“Chemistry ought to
be not for chemists alone.”
Miguel de Unamuno
Recently a video showed up on LinkedIn. The video was a demonstration of an Augmented Reality (AR) app The Atom Visualizer made by Machine Halo. The Atom Visualizer is the first ARCore app. In the LinkedIn demo video, the app functions with chemistry flash cards. The demo is not the first AR flashcards several already exist, like AR Flashcards and AR Talking Cards, to name a couple. The Atom Visualizer is the first app to use Google’s AR framework ARCore.
While there is a lot to discuss with respects to AR and education, one person compared it to televisions and said it therefor would never work. Another talked about problems with implementation. However, I might talk about these issues another time. What stood out to me as I looked over the comments were comments about chemistry and education.
“I am glad to see something like this, but unfortunately this is sending a wrong note. For ex: Oxygen is never O, it is O2 & 2 atoms of Hydrogen combine with 1 O2 atom to form H2O Sodium as Na doesn’t react with Chlorine directly, it instead reacts with HCL (Hydrochloric acid) to form H20 & NaCl.
It would be wonderful if we teach them right things right & help humanity learn faster!!” (retrieved Aug 12, 2019, from https://www.linkedin.com/posts/ajjames_augmentedreality-ar-innovation-activity-6562906886130241536-wNCY/)
“I would like to note that electrons are not volumetric particles (spheres) that orbit the atom nucleus, indeed they are present around the nucleus in the form of electron cloud, this is the probability of finding the electron at a certain point with respect to the atom. Additionally, the electron is a volume less particle. I would be amazed if really the correct model is shown and not some old classical physics incorrect info. This old model caused a lot of students to confuse chemistry as they go a little deeper into the subject.” (retrieved Aug 12, 2019, from https://www.linkedin.com/posts/ajjames_augmentedreality-ar-innovation-activity-6562906886130241536-wNCY/)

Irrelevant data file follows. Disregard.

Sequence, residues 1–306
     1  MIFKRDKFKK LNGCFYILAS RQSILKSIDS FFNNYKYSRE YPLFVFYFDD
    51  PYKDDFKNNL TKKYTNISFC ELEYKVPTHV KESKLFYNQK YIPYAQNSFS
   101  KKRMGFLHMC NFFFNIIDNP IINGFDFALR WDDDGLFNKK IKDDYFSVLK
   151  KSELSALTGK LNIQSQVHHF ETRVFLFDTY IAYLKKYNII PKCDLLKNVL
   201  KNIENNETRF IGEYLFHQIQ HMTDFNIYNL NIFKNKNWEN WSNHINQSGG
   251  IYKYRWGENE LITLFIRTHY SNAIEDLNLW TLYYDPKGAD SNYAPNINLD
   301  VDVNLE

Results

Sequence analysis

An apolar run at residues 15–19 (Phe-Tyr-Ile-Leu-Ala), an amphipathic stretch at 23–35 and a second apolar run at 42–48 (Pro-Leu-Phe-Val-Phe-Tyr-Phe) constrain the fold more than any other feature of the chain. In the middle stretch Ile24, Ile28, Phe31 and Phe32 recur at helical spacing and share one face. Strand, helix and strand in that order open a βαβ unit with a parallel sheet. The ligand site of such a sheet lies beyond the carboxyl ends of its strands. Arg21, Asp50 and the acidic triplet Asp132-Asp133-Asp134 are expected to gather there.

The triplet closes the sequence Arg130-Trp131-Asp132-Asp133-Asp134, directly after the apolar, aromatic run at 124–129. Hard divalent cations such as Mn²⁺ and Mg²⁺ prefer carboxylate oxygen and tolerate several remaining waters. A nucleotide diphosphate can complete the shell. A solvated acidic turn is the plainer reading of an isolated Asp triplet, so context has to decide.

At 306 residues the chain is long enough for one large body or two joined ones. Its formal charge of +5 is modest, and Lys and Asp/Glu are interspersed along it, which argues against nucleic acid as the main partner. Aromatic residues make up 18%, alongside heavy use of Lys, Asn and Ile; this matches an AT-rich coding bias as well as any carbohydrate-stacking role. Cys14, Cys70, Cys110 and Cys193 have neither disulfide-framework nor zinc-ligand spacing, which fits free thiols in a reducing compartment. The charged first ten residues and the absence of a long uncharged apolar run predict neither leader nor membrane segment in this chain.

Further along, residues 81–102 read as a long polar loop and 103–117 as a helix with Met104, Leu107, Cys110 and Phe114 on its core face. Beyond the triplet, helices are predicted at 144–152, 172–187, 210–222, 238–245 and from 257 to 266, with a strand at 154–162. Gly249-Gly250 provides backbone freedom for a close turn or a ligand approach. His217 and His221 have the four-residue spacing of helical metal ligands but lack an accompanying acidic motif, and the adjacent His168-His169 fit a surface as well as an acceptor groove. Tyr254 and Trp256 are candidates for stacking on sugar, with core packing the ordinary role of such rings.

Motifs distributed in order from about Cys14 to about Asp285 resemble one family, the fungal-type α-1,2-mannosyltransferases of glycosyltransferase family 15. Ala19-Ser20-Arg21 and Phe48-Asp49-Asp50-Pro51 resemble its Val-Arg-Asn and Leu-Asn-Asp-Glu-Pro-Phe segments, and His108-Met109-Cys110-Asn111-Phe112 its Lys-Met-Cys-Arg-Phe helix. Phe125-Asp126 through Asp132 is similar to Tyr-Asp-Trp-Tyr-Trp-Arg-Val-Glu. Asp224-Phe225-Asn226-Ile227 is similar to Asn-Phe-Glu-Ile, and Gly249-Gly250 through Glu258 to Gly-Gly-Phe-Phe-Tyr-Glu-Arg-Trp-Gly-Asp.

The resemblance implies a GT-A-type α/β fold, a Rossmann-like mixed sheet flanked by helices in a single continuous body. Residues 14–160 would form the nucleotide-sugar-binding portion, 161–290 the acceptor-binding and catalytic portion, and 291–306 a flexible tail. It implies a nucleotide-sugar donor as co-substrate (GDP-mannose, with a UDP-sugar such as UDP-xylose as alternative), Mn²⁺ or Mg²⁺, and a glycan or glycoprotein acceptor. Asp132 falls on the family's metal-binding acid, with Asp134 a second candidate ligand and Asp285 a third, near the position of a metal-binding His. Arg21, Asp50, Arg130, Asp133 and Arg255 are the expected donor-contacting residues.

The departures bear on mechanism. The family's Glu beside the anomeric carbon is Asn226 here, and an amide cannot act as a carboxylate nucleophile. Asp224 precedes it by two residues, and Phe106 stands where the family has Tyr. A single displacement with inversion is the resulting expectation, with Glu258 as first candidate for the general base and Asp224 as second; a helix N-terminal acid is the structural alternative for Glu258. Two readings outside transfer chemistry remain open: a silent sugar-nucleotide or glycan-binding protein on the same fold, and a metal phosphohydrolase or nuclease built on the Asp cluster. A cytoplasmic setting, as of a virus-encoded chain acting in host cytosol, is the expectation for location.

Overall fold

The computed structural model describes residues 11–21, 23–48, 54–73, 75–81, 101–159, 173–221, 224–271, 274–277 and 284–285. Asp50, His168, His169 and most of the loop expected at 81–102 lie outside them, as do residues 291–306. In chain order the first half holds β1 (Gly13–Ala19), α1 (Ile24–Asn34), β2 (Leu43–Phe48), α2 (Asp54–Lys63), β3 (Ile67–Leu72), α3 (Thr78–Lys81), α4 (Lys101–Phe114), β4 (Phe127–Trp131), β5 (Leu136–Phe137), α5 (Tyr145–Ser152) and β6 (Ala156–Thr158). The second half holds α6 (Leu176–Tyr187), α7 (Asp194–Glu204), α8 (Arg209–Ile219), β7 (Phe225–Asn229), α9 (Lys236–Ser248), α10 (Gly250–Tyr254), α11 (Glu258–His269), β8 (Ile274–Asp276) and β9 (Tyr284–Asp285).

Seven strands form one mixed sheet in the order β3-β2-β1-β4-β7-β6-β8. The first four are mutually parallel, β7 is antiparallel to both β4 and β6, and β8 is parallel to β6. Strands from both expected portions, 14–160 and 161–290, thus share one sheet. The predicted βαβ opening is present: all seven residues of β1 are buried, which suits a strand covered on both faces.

“Interesting idea, but the shape of the water molecule is wrong. There are some cool (free) apps that display correct geometries though :)” (retrieved Aug 12, 2019, from https://www.linkedin.com/posts/ajjames_augmentedreality-ar-innovation-activity-6562906886130241536-wNCY/)
I would say these comments are both correct and incorrect at the same time. After all, since the demonstration video only shows a few cool looking animations, we don’t know what the educational objective the creator of the cards was trying to achieve. The video itself would have been much more effective presented as a 1 – 2-minute teaching lesson. After all, perhaps the creator was trying to help people connect molecular formulas to materials H2O (water) NaCl (table salt). In that case, the cards are not that bad.
If they are trying to teach chemical reactions, then the cards have several problems. However, even if they are trying to explain chemical reactions should the electrons be displayed as clouds or discrete bodies. Anyone that has a chemistry degree knows that electron clouds are the correct representation. However, to understand electron clouds, you need to get into quantum mechanics. Leaving aside the question of whether the students have the math skills to truly delve into quantum mechanics are they ready to learn quantum mechanics.
Anyone that teaches knows we can’t learn everything all at once. Also, successful education requires a framework to build on. Students incorporate new information into existing knowledge. That information needs a starting point. One of the problems with chemistry is that we can’t directly observe a lot of the things we teach. In cases like this, models and cartoons are a good starting point.
Using representations, we can start building up knowledge. The dotes make it easier for students to understand that covalent bonds are a sharing of electrons and that two atoms bound together share electrons. Does that come across to early student if we use two or three different shaped clouds? While an understand stoichiometry and what form elements take in the environment, they need to understand chemical bonds and the role electrons play.
The important thing about teaching tools and models is to use them where they are appropriate. Representations like dot structure are not intended to teach students the physical structure and form of electrons. Educations is not merely the process of moving from simple to complex but also building up a framework and helping student incorporate new and more complex information. The introduction of misconceptions in STEM education is rarely because teachers present the wrong information but because the tools are misused.
Still I wonder when and how we should start teaching quantum mechanics?
Thanks for Listing to My Musings
The Teaching Cyborg